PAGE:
Michigan DNR Facing Challenges, ‘We Can’t Check as Many Deer for CWD this Season’



Michigan’s Department of Natural Resources said they are facing several challenges this year due to the coronavirus pandemic, making it difficult to inspect as many deer for chronic wasting disease during the upcoming hunting season.

If you’ve been deer hunting in Michigan in recent years, you’re probably aware of the multitude of regulations set in place for certain counties in an effort to reduce the spread of CWD across the state. This year, however, officials are facing both staff and financial shortages brought on by the Covid-19 outbreak.

“We ask for your patience and grace as we adapt to meet these challenges,” said acting wildlife division chief Dan Kennedy.

The heads of deer taken in certain sections of six counties will be accepted for testing from October 3 to January 4. The counties included in those regulations are Jackson, Isabella, Gratiot, Delta, Dickinson and Menominee.

In addition, deer heads from Clinton, Dickinson, Eaton, Gratiot, Ingham, Ionia, Jackson, Kent and Montcalm counties will be accepted for state testing only during November 15-18.

If you harvest your deer outside of these areas or time frame but would still like it tested for CWD (for a fee), please use the CWD test instructions and order form from Wisconsin lab for submitting to the Wisconsin Veterinary Diagnostic Laboratory.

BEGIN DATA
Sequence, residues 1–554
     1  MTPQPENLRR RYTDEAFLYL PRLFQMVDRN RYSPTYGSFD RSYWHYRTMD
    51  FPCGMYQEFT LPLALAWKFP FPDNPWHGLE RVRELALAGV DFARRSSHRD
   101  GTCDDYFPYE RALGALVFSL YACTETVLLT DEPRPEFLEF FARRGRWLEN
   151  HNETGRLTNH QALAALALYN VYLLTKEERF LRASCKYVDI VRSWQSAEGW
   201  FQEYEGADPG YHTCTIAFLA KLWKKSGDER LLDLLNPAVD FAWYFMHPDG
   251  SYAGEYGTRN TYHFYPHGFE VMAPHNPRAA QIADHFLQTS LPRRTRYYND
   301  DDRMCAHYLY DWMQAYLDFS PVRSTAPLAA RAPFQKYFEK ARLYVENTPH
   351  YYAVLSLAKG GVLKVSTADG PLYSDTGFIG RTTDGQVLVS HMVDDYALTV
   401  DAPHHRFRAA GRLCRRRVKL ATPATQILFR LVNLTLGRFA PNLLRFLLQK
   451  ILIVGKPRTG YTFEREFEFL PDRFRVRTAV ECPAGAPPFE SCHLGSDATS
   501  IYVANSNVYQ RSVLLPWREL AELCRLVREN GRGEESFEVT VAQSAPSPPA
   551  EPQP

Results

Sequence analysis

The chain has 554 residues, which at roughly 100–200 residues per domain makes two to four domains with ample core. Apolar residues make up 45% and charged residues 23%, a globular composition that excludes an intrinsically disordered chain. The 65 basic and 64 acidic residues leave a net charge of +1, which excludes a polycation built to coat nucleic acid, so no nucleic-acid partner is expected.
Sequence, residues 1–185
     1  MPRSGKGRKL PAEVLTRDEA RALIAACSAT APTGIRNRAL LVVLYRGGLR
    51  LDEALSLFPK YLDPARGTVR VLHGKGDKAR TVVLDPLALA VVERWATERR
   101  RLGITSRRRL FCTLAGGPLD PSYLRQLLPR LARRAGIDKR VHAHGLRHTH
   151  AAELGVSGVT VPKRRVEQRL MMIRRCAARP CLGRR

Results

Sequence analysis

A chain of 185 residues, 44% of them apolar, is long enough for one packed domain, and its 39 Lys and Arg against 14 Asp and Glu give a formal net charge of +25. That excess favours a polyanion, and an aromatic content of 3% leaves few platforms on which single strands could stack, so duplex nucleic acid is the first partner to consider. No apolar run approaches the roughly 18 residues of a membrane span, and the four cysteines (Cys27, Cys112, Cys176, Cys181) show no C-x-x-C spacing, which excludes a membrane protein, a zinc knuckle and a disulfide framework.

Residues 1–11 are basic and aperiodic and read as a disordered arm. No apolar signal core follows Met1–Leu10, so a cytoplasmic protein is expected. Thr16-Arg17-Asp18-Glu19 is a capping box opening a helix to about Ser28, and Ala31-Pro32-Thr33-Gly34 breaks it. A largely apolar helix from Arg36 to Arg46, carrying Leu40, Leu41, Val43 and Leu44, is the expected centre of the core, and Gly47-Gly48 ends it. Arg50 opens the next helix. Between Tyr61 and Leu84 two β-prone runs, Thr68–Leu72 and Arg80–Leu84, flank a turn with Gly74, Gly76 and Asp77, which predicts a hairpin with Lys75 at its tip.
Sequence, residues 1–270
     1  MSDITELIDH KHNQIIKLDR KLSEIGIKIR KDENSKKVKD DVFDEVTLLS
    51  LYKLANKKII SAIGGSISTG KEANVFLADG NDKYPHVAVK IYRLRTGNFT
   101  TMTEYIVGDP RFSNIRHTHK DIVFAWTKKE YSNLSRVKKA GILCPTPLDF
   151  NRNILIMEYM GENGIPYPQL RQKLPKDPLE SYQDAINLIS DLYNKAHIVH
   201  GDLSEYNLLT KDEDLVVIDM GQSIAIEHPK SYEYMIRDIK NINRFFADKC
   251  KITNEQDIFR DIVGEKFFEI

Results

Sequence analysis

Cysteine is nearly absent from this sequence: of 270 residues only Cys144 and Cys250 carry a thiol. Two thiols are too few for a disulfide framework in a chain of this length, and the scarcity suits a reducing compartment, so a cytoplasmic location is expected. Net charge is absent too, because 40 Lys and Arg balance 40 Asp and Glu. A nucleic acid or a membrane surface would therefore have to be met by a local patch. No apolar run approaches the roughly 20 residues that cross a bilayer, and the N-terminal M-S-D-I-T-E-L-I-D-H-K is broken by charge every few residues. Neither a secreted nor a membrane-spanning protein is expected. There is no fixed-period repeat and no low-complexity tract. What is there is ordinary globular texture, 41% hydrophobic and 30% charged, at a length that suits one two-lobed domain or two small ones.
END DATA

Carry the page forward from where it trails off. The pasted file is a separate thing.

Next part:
There are regulations in place that limit the transportation of deer carcasses throughout the Lower Peninsula. Carcasses from areas with CWD should never be disposed of on the landscape in CWD areas. There are no carcass transportation regulations for the Upper Peninsula.

A deer harvested in Montcalm County in its entirety, Otisco, Orleans, Ronald, or North Plains Townships in Ionia County, or Nelson, Spencer, Courtland, Oakfield, Grattan or Cannon Townships in Kent County cannot be possessed or transported outside of those listed areas, unless:

  • The harvested deer is deboned meat, quarters or other parts of a cervid that do not have any part of the spinal column or head attached; antlers, antlers attached to a skull or skull cap cleaned of all brain and muscle tissue; hides, upper canine teeth, or a finished taxidermist mount OR;
  • The deer carcass is taken directly to a registered processor; AND/OR
  • The intact deer head detached from the carcass is taken directly to a licensed taxidermist.

The Michigan archery season opens Thursday, and the traditional firearm season starts November 15.

For more information regarding the state’s CWD regulations, go to Michigan.gov/CWD

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